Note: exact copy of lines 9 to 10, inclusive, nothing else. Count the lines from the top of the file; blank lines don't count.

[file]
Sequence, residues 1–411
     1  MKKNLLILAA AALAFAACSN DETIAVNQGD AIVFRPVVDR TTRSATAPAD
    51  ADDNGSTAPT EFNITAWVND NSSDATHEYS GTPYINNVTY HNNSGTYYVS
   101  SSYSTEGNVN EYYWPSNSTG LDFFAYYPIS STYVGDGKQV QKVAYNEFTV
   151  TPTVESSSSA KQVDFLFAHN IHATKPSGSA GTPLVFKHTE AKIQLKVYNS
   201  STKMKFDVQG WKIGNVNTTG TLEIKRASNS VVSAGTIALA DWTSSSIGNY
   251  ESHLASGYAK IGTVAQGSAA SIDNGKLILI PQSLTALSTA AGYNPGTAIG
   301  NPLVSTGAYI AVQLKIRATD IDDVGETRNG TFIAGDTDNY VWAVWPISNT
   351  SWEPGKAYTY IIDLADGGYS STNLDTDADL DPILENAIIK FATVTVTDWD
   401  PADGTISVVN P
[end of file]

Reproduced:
   351  SWEPGKAYTY IIDLADGGYS STNLDTDADL DPILENAIIK FATVTVTDWD
   401  PADGTISVVN P